The cold weather has arrived! It’s time to make sure your rental home has been winterized. Here are a few tips to help you make this happen:
Turn Off Water: Turn off the water supply to any exterior hoses or sprinkler systems. Drain the water from the hoses, and drain the entire sprinkler system of water. Don’t forget to address any water lines from AC units.
Reverse Your Fans: Reverse the direction of any ceiling fans. Switch the blades to rotate clockwise to recirculate warm air that rises to the highest point in the room back down into the room.
Wrap Pipes: Insulate exposed supply piping in the crawlspace, and wrap or cap hose spigots. Wrap your water heater, too.
Caulk Windows: Sometimes you can see a substantial gap in the window framing just by looking. If you can’t see the gap, it may still be there. Your tenant will sure feel it on a cold, windy day.
Change Furnace Filters: If you use traditional filters, replace them monthly. You can also invest in a reusable filter that you (or your tenant) can clean and reuse. Once a month just rinse with water and it comes out looking new!
Program the Thermostat: A programmable thermostat is affordable and easy to install, and will give your tenants control over their heating bills.
Install Weather Stripping: Weather stripping is a simple addition that can make a big difference. Install weather stripping around all external doors. This will also save your tenant money on energy bills.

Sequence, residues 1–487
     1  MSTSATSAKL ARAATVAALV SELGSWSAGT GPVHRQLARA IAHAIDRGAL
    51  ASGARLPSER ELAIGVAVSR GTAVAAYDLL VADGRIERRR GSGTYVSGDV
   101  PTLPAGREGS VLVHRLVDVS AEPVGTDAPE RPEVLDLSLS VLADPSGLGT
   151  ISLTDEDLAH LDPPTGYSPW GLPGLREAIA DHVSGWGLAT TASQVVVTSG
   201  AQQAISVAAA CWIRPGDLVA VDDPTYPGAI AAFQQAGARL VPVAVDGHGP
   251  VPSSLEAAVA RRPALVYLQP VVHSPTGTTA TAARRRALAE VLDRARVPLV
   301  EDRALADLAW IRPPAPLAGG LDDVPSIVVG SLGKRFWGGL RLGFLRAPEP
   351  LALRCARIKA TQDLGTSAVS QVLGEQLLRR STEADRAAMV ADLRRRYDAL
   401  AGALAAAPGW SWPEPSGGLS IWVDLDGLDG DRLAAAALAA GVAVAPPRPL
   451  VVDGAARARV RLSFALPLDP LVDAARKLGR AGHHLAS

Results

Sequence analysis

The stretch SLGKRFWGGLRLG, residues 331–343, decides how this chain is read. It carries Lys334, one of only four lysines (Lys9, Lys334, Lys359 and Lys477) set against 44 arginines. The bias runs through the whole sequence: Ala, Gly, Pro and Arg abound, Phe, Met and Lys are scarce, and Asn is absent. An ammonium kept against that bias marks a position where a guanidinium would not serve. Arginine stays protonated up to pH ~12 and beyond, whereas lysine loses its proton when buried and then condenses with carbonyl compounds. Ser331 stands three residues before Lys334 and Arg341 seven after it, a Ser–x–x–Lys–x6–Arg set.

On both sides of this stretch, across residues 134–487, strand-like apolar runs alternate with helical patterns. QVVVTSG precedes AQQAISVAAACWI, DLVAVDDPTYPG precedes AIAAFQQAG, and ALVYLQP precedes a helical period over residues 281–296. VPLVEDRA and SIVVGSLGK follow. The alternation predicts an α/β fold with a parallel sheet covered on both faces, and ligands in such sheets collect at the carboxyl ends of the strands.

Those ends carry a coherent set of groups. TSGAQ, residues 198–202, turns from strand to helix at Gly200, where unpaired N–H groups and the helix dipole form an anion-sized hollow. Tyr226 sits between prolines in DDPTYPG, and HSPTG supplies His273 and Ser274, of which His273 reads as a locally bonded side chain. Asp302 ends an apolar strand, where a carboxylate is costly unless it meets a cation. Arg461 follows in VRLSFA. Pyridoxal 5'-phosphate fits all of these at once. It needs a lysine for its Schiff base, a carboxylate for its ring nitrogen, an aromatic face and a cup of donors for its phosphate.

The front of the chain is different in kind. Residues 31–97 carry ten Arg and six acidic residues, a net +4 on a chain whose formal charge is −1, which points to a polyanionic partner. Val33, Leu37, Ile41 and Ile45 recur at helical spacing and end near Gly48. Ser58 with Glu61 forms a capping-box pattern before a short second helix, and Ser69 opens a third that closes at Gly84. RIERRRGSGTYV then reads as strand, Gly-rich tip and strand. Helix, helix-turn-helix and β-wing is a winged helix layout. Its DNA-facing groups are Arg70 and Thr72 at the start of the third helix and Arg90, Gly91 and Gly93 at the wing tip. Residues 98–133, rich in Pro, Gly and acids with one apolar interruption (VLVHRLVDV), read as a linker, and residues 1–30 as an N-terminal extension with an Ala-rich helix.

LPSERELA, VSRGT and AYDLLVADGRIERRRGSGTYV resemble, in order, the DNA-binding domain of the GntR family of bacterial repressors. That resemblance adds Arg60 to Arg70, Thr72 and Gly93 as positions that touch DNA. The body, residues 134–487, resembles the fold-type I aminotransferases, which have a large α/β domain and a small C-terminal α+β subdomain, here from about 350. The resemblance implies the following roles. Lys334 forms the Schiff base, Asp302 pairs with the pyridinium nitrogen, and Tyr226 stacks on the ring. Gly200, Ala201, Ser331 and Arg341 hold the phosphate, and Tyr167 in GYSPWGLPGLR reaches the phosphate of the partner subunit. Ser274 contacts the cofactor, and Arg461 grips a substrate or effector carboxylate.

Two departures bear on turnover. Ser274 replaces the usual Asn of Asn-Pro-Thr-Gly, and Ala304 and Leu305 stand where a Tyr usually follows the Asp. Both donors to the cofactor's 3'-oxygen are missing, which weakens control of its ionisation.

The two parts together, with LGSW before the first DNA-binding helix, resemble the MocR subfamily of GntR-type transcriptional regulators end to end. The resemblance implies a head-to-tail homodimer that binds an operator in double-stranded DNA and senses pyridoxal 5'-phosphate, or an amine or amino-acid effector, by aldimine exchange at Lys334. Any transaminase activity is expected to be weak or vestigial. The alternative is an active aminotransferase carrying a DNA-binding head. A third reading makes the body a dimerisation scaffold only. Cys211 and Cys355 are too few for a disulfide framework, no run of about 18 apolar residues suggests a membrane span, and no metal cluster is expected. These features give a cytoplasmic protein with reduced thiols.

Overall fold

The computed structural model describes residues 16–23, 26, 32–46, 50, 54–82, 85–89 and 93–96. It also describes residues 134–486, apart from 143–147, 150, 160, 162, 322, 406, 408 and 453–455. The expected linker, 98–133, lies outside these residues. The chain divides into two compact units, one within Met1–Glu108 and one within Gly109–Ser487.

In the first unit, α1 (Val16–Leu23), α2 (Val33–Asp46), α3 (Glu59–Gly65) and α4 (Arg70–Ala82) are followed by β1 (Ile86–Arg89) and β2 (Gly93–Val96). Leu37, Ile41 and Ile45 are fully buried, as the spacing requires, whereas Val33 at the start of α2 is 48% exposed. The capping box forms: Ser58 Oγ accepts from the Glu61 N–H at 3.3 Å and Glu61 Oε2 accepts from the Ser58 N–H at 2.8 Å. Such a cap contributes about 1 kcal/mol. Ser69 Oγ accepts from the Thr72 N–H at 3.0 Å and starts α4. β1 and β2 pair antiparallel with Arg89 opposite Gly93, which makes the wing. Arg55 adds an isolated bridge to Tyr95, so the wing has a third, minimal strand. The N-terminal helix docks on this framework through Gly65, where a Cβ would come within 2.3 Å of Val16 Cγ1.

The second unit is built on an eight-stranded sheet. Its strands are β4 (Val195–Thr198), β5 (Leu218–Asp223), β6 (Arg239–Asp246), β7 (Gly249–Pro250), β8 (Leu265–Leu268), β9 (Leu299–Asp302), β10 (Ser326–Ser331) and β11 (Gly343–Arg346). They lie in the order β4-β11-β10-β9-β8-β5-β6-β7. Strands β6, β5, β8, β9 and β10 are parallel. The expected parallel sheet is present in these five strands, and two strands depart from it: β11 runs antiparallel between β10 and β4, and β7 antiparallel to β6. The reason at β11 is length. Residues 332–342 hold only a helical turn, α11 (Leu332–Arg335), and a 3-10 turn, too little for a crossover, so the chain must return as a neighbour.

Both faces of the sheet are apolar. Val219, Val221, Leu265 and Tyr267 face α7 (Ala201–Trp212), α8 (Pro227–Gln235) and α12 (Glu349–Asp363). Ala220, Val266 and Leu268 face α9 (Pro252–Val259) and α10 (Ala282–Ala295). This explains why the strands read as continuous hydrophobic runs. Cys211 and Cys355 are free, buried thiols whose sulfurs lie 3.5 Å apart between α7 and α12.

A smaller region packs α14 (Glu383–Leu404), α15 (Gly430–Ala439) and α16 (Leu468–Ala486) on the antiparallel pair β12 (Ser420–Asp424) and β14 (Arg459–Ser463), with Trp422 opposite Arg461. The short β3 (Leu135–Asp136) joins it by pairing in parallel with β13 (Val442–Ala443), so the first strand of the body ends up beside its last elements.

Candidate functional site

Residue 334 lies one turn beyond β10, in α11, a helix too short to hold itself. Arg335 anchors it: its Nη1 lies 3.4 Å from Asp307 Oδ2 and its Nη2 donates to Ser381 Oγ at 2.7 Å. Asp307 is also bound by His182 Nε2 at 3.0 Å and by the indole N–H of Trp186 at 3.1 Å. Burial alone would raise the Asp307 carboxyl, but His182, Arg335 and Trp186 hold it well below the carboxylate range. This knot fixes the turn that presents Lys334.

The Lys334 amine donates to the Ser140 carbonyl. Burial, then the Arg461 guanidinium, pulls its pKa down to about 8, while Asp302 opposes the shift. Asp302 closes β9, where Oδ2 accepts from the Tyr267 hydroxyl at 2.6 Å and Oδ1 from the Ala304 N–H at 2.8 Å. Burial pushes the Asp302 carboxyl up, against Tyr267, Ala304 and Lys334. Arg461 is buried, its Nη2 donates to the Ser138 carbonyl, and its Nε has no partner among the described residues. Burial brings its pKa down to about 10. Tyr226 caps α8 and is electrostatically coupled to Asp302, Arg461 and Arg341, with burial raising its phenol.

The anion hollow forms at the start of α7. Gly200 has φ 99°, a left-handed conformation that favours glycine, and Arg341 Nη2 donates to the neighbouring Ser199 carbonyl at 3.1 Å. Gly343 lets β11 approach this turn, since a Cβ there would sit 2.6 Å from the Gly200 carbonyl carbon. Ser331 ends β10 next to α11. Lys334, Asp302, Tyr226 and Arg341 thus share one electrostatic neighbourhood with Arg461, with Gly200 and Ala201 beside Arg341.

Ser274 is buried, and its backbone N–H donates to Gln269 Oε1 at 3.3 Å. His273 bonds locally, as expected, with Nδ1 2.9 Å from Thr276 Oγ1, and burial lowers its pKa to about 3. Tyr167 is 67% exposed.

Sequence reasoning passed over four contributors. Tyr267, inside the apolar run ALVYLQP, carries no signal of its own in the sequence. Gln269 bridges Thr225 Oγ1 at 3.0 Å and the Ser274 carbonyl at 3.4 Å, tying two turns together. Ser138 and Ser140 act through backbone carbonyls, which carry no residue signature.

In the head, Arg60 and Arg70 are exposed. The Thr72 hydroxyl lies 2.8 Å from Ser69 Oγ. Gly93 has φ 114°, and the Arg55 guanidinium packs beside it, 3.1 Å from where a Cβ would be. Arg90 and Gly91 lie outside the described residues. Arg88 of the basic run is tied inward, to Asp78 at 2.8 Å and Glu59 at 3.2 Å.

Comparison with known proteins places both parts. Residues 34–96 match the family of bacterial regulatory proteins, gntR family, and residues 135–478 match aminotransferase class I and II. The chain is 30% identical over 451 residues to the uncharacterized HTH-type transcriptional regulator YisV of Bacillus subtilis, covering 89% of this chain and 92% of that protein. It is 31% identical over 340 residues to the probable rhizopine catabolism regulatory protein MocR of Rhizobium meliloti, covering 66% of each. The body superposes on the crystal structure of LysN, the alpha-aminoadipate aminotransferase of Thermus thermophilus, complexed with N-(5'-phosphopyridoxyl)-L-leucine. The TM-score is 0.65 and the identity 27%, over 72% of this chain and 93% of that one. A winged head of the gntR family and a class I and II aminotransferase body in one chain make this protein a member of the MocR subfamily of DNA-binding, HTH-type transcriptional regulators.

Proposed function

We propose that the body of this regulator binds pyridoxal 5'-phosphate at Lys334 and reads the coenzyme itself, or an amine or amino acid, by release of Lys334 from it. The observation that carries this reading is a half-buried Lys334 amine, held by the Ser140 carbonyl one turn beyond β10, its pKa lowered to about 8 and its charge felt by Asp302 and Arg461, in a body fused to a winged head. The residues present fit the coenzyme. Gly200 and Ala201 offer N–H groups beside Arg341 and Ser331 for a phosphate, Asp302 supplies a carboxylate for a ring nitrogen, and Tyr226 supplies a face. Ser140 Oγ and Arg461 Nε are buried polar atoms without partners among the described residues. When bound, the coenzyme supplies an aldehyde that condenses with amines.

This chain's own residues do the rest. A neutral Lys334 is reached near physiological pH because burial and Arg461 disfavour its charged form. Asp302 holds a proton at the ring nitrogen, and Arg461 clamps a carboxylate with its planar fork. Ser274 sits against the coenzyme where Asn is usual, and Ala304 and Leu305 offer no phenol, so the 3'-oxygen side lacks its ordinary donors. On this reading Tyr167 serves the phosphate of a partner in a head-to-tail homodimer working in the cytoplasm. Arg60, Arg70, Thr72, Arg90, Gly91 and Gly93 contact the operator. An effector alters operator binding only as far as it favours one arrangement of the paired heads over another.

Insulate the Attic: Beyond the obvious benefits of lower heat bills for your tenant, a well-insulated attic can avert a major leak event. With an uninsulated attic, the warm roof melts rooftop snow too quickly and the subsequent water, trapped by unmelted snow and ice lower on the roof, has nowhere to drain. Snowmelt blocked by an ice dam can find its way through the roofing material and into the house, causing a whole host of new problems — damage to ceilings or walls and potentially inviting mold issues down the road.
Clean Gutters: Remove leaves and other debris from gutters. Blockages add extra weight that strains the mounting of your gutters and can contribute to the formation of ice dams and flooding into the home. Overflowing gutters can allow water to accumulate in the soil near a basement wall, leading to seepage or even a flooded basement.
Hopefully these tips will help you keep your tenants warm and happy this winter and might even save both you and your tenants a bit of money!